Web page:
Rock Talk

Important Driving Tips to Avoid Deer

Last updated on September 18, 2020 at 09:00 am

Cars and deer can be a very dangerous combination – and oftentimes an unexpected one. While most drivers know to be aware of deer all year round, these animals are typically more active beginning in October. Plymouth Rock Assurance has information to help drivers remain vigilant behind the wheel  to help them avoid deer on the road.

Drivers can expect to see an increase in deer movement when the white-tailed deer mating and migration period begins in October. This increased activity will typically run through December.

It’s not uncommon for male deer, or bucks, to weigh in the ballpark of 200 pounds, while females, or does, typically weigh about 155 pounds. Colliding with an animal of that size at even moderate speeds can do serious damage to your car and could prove fatal for both the animal and the driver. The Insurance Institute for Highway Safety noted that animal-vehicle collisions in the U.S. cause close to 200 fatalities annually.

It is important to remember that deer are wild animals and unpredictable when confronted by the lights and sounds of a car.

Here are some quick tips to remember when confronted with a deer in the road:

  • Deer travel in packs, so if you see one there are probably more to follow. Be patient and approach with caution. Keep a safe following distance in case the driver ahead brakes or swerves suddenly.
  • Loud noises and flashing lights can cause unpredictable behavior and make the deer run into traffic. Keep calm and approach slowly.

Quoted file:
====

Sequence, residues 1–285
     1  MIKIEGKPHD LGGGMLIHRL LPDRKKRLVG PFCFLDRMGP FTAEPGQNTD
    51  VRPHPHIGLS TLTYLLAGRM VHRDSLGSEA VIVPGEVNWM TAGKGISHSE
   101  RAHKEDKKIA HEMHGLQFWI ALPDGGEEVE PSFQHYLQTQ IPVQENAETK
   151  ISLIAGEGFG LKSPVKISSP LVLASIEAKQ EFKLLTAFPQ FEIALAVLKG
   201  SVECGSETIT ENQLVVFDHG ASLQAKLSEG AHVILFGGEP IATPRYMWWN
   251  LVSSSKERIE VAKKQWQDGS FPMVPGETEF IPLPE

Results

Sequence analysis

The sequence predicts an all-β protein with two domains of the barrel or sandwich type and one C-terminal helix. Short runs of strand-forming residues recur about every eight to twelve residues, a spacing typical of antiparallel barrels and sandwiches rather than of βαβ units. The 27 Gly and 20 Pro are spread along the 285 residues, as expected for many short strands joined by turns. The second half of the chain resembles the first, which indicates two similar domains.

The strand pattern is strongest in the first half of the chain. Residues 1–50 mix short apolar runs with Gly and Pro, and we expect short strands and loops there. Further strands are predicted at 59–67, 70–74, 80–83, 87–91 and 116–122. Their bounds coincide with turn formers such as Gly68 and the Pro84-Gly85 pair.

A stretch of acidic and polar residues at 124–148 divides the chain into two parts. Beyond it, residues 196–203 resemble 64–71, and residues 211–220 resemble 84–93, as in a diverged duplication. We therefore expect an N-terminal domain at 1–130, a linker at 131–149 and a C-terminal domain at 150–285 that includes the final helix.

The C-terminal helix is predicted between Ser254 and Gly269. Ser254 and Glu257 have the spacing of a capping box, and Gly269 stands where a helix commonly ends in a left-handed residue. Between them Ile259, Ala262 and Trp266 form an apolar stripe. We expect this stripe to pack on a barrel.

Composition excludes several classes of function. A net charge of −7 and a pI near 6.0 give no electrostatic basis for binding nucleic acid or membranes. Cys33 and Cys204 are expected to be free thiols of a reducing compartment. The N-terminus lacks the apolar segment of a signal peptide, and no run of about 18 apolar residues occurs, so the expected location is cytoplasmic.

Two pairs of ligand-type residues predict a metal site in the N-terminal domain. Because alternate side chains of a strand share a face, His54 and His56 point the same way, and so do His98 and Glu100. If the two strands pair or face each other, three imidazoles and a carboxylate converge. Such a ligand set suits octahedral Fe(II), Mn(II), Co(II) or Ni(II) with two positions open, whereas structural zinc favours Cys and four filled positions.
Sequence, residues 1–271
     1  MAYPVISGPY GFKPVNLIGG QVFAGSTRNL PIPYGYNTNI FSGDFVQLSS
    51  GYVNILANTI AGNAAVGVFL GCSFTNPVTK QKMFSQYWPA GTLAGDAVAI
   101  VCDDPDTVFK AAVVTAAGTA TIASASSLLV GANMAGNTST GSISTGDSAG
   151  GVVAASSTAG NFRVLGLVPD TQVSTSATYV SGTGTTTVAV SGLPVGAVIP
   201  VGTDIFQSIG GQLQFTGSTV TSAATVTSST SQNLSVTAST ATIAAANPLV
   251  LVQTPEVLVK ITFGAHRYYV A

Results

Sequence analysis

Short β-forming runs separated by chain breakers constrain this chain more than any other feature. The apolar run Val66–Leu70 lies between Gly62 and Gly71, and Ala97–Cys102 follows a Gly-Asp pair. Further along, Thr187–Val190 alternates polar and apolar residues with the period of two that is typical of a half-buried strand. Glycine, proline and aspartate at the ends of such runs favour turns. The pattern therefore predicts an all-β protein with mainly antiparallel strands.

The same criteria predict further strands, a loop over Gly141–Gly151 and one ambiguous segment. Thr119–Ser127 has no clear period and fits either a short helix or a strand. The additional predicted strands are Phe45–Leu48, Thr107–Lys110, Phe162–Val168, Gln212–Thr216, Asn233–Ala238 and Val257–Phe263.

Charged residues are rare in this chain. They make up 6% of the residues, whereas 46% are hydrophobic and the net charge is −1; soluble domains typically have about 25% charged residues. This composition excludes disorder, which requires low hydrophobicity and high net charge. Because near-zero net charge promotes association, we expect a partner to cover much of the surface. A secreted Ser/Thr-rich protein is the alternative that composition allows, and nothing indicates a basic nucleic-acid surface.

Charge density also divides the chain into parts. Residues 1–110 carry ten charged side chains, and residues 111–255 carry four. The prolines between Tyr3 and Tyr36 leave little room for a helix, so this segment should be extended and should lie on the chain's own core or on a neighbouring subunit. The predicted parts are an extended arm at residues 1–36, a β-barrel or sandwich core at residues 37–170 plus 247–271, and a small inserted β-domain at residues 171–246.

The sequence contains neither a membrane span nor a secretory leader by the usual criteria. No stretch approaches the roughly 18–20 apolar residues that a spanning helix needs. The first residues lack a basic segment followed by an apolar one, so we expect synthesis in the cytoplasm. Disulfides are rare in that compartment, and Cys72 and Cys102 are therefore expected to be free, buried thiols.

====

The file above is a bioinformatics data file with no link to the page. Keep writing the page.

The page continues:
• Just because you are not on a rural road does not mean you can drop your guard. Remain vigilant at all times, as many collisions with deer occur on busy highways, especially at night.
  • When traveling at night on a road with no oncoming traffic, use your high beams. This will allow you to see farther, and the beam will illuminate the deer’s eye, signaling to you that the animal is ahead.
  • If a collision seems inevitable, do not swerve to avoid impact. Instead, brake, honk your horn and remain in your lane. Swerving could cause you to collide with oncoming traffic or a fixed object, which could lead to a more serious accident.

In the unfortunate event you should collide with a deer, move your vehicle to the side of the road and away from oncoming traffic, if possible. Avoid touching or approaching the frightened deer because it could cause further injury to itself and you. If the animal is blocking the roadway or creating a danger to other drivers, call the police immediately. Once you are safe, contact your auto insurance company to report any damage to your vehicle.

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